FORT BLISS, Texas – Chaplain teams with units across First Army participated in an annual symposium to strengthen partnerships, talk resource management, systems requirements, and facilitate observer coach/trainer development in preparation for large-scale mobilization operation contingencies here Sept. 12-15.
The week-long symposium boasted various subject-matter experts/guest speakers to foster teamwork and readiness between First Army chaplain teams and their reserve component counterparts throughout the U.S. Army Chaplain Corps.
Chaplain (Col.) Kevin Forrester, First Army command chaplain, underscored the importance this partnership by opening with a World War I quote by Gen. John J. Pershing, "We no longer differentiate in the ultimate sense between Army, National Guard and Reserve Forces. Every energy is bent to the development of the Army of the United States. Our purpose is to think only of the American Citizen and prepare them for duties in war."
The more than 50 chaplains and religious affairs specialists discussed large-scaled mobilization operations, or LSMO, which refers to preparing and validating large numbers of reserve component units for contingency operations through Mobilization Force Generating Installation, or MFGI, expansion, with the support of Army mobilization enterprise partners. Currently, First Army operates two “active” MFGI’s at Fort Hood, Texas and Fort Bliss, Texas.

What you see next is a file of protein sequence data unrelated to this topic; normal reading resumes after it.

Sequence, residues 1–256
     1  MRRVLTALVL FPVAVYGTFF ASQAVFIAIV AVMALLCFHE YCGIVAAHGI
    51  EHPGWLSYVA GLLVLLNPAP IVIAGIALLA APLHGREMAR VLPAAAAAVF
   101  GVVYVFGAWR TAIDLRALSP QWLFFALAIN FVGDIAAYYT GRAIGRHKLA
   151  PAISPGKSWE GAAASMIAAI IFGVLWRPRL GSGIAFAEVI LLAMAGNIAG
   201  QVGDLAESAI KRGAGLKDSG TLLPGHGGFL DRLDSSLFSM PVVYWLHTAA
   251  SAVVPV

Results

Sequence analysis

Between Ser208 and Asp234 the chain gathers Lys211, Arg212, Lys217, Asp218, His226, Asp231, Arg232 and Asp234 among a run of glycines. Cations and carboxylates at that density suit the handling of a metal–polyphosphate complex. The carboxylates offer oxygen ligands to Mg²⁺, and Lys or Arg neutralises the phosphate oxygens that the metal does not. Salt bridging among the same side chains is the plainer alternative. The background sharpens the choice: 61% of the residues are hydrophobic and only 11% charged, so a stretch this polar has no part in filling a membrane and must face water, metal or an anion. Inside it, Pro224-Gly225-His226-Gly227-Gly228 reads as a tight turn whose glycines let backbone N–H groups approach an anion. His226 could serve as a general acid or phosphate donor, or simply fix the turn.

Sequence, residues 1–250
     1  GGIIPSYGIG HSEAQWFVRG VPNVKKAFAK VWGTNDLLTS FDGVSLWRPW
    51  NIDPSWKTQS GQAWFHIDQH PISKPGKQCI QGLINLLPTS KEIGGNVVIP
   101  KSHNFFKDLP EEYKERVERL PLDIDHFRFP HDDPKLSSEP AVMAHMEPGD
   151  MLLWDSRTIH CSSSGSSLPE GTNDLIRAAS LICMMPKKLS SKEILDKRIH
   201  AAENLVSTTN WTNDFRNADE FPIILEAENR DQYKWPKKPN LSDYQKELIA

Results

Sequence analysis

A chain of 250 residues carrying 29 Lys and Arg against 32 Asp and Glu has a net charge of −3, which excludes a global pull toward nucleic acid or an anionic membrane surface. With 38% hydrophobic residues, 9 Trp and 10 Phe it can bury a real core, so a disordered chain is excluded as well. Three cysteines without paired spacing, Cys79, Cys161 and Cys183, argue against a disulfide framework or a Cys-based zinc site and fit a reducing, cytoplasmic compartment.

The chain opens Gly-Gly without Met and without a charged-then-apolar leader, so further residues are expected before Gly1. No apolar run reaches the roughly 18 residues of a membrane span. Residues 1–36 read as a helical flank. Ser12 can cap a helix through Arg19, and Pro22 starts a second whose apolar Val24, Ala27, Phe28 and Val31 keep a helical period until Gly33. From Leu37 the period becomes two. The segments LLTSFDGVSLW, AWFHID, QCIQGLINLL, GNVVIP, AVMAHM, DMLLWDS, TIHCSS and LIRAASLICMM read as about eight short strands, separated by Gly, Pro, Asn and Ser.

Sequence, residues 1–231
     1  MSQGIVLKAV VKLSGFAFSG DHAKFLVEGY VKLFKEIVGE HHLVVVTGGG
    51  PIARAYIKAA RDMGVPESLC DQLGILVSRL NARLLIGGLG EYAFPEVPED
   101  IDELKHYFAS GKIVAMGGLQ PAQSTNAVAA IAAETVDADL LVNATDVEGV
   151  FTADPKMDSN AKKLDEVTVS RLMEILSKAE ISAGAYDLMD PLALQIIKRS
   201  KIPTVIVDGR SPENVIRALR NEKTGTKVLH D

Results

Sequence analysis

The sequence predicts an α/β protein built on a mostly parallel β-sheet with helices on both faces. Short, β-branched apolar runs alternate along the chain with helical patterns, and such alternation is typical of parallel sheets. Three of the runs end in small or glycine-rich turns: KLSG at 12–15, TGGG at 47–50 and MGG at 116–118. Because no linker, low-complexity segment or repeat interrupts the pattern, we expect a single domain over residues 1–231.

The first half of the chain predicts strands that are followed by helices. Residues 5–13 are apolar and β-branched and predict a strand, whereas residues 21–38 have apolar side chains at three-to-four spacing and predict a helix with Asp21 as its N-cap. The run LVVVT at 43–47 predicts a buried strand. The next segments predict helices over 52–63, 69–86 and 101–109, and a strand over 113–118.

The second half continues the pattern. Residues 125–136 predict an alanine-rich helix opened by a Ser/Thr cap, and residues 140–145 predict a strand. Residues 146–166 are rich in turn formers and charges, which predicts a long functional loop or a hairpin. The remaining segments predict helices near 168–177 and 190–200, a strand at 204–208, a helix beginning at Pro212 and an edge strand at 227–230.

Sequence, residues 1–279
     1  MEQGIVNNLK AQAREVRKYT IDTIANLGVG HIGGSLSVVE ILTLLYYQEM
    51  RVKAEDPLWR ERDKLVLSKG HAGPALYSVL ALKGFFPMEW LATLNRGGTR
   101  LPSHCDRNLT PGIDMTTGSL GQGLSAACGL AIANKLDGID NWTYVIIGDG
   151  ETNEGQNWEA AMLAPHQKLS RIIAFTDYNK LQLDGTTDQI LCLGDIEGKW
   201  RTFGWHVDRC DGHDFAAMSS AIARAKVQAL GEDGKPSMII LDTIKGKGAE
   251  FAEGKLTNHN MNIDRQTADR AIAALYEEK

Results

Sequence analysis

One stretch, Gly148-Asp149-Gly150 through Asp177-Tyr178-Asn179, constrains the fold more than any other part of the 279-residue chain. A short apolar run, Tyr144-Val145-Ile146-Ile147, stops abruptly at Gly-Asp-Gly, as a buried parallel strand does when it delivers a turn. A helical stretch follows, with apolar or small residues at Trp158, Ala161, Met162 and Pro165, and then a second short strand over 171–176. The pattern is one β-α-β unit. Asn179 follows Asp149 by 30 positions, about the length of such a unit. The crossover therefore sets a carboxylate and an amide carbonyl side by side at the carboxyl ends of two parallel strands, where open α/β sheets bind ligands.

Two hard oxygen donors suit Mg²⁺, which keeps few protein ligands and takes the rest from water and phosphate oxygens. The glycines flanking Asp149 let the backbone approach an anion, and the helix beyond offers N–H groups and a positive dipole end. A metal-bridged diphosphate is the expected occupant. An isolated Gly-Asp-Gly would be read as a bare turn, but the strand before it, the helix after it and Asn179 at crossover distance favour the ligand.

“Past symposiums have been focused on ‘what we [Chaplains] do,’ this year’s symposium is absolutely focused on where we need to be,” said Forrester. “We are focused on harmonizing ourselves with the Army. In the past, we have been focused on preparing for counter-insurgency operations in the Middle East and Central Command area of operations, now we are honing in on large-scale combat operations and how it contributes to the larger picture.”
In the event of LSMO against a peer adversary, reserve component soldiers of both the U.S. Army Reserve and National Guard will be crucial to fighting and winning the conflict.
Guest speaker, Chaplain (Brig. Gen.) Thomas G. Behling, director of the Joint Chaplains Office, National Guard Bureau; deputy chief of chaplains for the Army National Guard; and the command chaplain for U.S. Army Forces Command, honed in on the unique dual mission of the Army National Guard to emphasize the importance of their role in the Total Force.
“The Army National Guard has a unique dual mission: the Federal mission of maintaining properly trained and equipped units available for prompt mobilization for war, national emergencies, or as otherwise needed; and the State mission of providing trained and disciplined forces for domestic emergencies or as otherwise required by State laws.”
The key to success in LSMO will be the smooth integration of all three components that comprise the Total Force – Active, Guard, and Reserve.
“This year’s symposium theme is religious support for large-scale mobilization operations, which focuses on helping train all our Chaplain Corps OC/Ts how to be ready should large-scale mobilization be our nation’s call to First Army,” said Forrester. “We encouraged participants to start thinking about what would be required if we went to LSMO.”